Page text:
We’re presented with an intelligent, sophisticated woman who knows exactly what she wants, and who isn’t afraid to assert herself. She appeals to the Duke to let her go with Othello, rather than forcing her to return to her father’s home.
This doesn’t sit particularly well with Brabantio, who remarks that he is glad he only has one child, as he’d end up treating them as a tyrant due to Desdemona’s actions.
He then issues a warning to Othello:

Look to her, Moor, if thou hast eyes to see.
She has deceived her father, and may thee.” (1.3.291)

Othello’s response carries remarkable weight, considering the way things turn out:

My life upon her faith.” (1.3.293)

The impression that I get is that Desdemona serves both as Othello’s rock and his inspiration. He may be the veteran soldier, but she is the constant he relies upon.
Cassio’s remarks to Montano support this. When asked about Desdemona, Cassio replies:
She that I spake of, our great captain’s captain.” (2.1.75)

It would appear that Desdemona is the one who holds the power in this relationship, despite all of her husband’s accolade. Indeed, when Othello greets Desdemona after weathering a storm at sea, he refers to her as “my fair warrior.”

Throughout the play, the image of Desdemona as a pillar of strength, grace, and comfort is reinforced time and time again. It is her love that gives Othello the fortitude to serve as a military leader. Without Desdemona and her affection, Othello would–and does–fall apart.

“‘Tis not to make me jealous
To say my wife is fair, feeds well, loves company,
Is free of speech, sings, plays, and dances well.
Where virtue is, these are more virtuous,
Nor from mine own weak merits will I draw
The smallest fear or doubt of her revolt,
For she had eyes and chose me.” (3.3.187)

“His Unkindness May Defeat My Life But Never Taint My Love”

As I read through the play, I was struck by how suddenly Othello’s demeanor seems to change regarding Desdemona and her loyalty to him. At first, Othello is convinced of her devotion and the purity of her character. As Iago continually plants the seeds of doubt in Othello’s mind, however, he becomes increasingly tense and irrational. The powerful figure we encountered in the first half of the play becomes a horribly broken man. Once certain of his union with Desdemona, Othello concedes that to murder his wife in the bed she’d allegedly defiled (with Cassio) would be an act of poetic justice.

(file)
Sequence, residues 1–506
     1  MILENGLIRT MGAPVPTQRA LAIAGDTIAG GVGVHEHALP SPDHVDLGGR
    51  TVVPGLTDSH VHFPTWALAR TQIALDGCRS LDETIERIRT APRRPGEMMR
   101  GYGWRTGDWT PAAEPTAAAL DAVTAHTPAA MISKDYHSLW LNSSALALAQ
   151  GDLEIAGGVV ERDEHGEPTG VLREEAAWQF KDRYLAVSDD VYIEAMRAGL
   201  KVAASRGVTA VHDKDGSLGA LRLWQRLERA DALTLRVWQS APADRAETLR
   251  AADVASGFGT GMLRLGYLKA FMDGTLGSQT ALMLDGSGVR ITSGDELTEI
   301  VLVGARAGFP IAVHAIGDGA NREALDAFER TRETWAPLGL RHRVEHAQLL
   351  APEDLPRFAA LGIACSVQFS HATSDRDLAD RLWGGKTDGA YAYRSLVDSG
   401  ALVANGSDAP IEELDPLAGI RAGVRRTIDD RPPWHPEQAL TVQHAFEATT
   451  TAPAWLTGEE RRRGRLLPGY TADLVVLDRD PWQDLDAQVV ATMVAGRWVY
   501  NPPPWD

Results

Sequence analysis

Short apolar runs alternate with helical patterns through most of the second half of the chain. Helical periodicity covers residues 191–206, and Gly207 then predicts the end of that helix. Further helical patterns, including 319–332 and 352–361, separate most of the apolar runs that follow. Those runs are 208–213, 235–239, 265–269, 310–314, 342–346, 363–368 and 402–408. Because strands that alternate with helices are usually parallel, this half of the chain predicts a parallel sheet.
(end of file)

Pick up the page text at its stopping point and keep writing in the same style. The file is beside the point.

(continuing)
Throughout Othello’s verbal and physical attacks, Desdemona never waivers in her love for him. She knows her husband, and she loves him unconditionally. She holds fast to their commitment in the face of all adversity, even defending Othello as she dies. When Emilia rushes in to find her dying, Desdemona responds:

A guiltless death I die.” (5.2.132)

And when Emilia inquires who is responsible, Desdemona states:

Nobody, I myself. Farewell.
Commend me to my kind lord. O, farewell.” (5.2.134)

Loyal and true even to her last breath. Some may say this makes Desdemona a martyr–a tragic casualty of circumstances beyond her control. But by her own words, Desdemona refuses to be a victim. Who is responsible for her death? “I myself”. She is owning her situation. She embraces it. In her darkest moment, she remains that pillar of strength, grace, and yes–even comfort.

Commend me to my kind lord.” With her dying breath, Desdemona offers her love yet again. She remembers the gentle, kind, compassionate man that Othello was. She refuses to recognize the monster, driven by envy, that stands before her. It is no wonder Othello falls into such lamentation:

Now, how dost thou look now? O ill-starred wench,
Pale as thy smock! When we shall meet at count
This look of thine will hurl my soul from heaven.
And fiends will snatch at it.
Cold, cold, my girl,
Even like thy chastity. O cursed, cursed slave!
Whip me, ye devils,
From the possession of this heavenly sight.
Blow me about in winds, roast me in sulphur,
Wash me in steep-down gulfs of liquid fire!
O Desdemon! Dead Desdemon! Dead! O! O!” (5.2.279)